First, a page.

Property Division in Texas: Frequently Asked Questions (FAQs)
The Texas Department of State Health Services (DSHS) reports that more than 75,000 couples file for divoce in the state every year. It is far from rare-but that does not make a divorce any less complicated for the people who are actually going through it. Property division is often one of the most contentious, logistically difficult issues in a divorce case.
At Thornton Esquire Law Group, PLLC, we have extensive experience helping people navigate property and debt distribution in divorce in Southeast Texas. Our team wants to make sure everyone has the resources they need to protect themselves. Here, our Houston divorce attorney answers 10 of the most frequently asked questions about property division in Texas.1. What Does Property Division Mean in a Divorce Case?
Married couples inevitably intertwine their finances and their assets. Property division is effectively the party of a divorce case during which the parties will need to determine who gets to keep what. In Texas, a divorce cannot be finalized all material issues-including issues related to property division-have been fully resolved.2. What is the Difference Between Separate Property and Marital Property?
In Texas, a married couple’s property can be divided into two broad categories. The first is separate property. Separate property covers assets and possessions that are owned entirely by one spouse. For example, a gift that someone got before they were married could qualify as separate property in Texas. The other category is marital property. The term marital property covers all of the assets and possessions that are jointly owned by both spouses.3. How is Property Divided in Texas?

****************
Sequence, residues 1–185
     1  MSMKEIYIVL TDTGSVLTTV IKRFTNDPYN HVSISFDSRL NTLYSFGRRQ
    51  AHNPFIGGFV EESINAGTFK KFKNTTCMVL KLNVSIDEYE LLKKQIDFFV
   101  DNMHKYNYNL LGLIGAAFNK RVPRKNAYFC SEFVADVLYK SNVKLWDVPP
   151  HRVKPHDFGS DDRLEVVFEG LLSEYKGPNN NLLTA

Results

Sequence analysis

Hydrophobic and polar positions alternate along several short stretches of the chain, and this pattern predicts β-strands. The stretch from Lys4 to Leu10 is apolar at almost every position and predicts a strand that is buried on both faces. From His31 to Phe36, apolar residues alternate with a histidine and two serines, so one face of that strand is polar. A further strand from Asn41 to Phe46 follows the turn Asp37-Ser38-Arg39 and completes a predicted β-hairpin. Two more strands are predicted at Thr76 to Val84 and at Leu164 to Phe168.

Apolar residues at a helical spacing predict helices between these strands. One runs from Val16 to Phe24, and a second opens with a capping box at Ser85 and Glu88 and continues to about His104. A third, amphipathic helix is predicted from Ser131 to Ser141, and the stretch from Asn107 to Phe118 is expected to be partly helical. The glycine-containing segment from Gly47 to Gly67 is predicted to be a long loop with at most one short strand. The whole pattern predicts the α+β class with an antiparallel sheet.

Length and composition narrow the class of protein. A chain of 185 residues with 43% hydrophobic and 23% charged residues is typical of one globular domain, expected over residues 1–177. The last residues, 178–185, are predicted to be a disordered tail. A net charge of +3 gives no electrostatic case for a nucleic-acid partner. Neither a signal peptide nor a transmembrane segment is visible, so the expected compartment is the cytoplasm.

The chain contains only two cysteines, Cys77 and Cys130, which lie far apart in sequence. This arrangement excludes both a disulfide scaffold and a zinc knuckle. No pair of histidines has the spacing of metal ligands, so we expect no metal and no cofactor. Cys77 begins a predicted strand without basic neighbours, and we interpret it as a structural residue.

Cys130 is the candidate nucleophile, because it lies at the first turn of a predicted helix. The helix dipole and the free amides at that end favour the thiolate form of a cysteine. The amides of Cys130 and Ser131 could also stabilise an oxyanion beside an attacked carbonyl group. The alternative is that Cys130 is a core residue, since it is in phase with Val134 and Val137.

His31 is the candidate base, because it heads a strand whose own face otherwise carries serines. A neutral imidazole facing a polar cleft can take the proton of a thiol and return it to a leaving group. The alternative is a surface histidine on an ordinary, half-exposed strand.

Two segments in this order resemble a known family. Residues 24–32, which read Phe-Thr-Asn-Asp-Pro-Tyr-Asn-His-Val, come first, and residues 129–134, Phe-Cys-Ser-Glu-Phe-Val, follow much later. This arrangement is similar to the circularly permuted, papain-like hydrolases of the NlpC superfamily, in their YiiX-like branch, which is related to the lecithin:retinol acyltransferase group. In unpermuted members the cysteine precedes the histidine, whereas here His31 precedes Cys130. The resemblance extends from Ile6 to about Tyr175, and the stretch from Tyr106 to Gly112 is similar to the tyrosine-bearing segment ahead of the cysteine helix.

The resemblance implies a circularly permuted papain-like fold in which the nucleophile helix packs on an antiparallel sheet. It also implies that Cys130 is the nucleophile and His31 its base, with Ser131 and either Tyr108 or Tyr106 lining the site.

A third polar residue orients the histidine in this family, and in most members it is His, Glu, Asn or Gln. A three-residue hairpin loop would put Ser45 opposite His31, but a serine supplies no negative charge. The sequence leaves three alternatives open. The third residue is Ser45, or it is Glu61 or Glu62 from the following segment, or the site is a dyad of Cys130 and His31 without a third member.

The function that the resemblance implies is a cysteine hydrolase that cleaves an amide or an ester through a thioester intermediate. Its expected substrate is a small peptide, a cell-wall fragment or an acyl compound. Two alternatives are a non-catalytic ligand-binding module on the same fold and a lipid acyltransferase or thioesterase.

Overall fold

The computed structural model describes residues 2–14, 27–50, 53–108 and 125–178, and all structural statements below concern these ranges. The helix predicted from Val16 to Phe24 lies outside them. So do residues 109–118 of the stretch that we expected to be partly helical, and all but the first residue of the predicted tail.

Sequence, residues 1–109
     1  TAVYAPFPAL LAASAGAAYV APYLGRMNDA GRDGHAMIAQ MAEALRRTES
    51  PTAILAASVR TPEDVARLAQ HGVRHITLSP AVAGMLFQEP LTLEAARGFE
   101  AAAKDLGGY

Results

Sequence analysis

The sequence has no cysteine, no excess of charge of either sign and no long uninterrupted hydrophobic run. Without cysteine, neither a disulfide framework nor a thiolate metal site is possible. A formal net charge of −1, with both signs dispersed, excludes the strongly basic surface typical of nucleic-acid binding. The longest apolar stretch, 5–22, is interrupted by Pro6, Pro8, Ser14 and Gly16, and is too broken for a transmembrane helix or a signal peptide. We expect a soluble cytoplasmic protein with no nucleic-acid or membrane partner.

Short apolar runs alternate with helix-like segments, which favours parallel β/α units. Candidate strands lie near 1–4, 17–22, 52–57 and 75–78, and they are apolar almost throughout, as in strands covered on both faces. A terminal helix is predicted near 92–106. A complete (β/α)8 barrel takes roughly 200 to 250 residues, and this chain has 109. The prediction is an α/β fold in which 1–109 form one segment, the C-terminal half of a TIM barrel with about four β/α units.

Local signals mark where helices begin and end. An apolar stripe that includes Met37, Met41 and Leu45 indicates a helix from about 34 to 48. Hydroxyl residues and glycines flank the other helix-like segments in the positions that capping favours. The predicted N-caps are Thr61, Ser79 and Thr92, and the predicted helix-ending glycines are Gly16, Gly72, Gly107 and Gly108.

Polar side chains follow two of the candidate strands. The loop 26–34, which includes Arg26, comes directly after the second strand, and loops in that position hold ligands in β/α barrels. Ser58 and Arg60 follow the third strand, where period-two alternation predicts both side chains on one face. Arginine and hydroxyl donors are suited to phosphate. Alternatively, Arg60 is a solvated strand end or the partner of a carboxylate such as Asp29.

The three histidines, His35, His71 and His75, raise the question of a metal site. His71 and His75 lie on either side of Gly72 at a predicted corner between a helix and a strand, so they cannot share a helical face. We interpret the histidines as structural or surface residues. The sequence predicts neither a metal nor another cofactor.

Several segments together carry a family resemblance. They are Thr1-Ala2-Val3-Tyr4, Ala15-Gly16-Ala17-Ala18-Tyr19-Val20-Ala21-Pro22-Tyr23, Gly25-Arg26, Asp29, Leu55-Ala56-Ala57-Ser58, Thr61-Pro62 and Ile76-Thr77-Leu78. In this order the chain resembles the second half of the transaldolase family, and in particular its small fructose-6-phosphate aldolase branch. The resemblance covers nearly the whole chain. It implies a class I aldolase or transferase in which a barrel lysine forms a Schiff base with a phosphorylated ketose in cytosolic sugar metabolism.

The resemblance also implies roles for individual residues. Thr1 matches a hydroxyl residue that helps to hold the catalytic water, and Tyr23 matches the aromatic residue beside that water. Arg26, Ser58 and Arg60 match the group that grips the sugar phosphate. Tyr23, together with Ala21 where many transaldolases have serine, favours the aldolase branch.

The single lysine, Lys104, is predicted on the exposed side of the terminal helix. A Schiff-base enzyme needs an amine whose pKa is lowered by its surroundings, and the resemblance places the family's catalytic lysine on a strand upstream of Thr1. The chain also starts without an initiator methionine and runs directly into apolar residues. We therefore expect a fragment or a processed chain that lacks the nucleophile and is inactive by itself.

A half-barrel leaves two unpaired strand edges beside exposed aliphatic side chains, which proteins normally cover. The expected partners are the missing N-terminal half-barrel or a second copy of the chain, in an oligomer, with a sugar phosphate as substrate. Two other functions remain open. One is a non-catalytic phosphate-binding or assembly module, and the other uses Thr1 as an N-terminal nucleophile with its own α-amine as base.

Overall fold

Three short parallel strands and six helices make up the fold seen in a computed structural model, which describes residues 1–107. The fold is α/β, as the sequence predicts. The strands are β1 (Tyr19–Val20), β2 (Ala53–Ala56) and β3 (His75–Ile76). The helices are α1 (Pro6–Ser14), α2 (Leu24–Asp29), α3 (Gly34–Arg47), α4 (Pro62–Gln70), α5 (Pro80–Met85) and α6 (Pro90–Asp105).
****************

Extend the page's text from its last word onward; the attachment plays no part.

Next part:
When it comes to the issue of property division, Texas is one of the minority of U.S. states-nine in total-that uses the community property standard. As explained simply by the Texas State Law Library, community property is a legal doctrine that holds that “any property acquired by a couple during their marriage (with a few exceptions) is equally owned by both spouses.” Whereas each spouse retains full ownership of their separate property, all of their marital property is considered to be jointly (50/50) owned in Texas.4. Does Community Property Always Mean a 50/50 Split of the Marital Assets?
Technically, no. In Texas, both spouses have equal ownership of their common property (marital property). If they file for a divorce, there is a presumption that all community property should be divided in an even manner. However, a 50/50 split of the community property is not guaranteed by Texas state law. If the divorce does end up in litigation, a Texas judge could decide to award an uneven division of assets if deemed appropriate. Still, a 50/50 split of the marital property is the presumption in Texas.5. Could a Prenuptial Agreement Impact Property Division?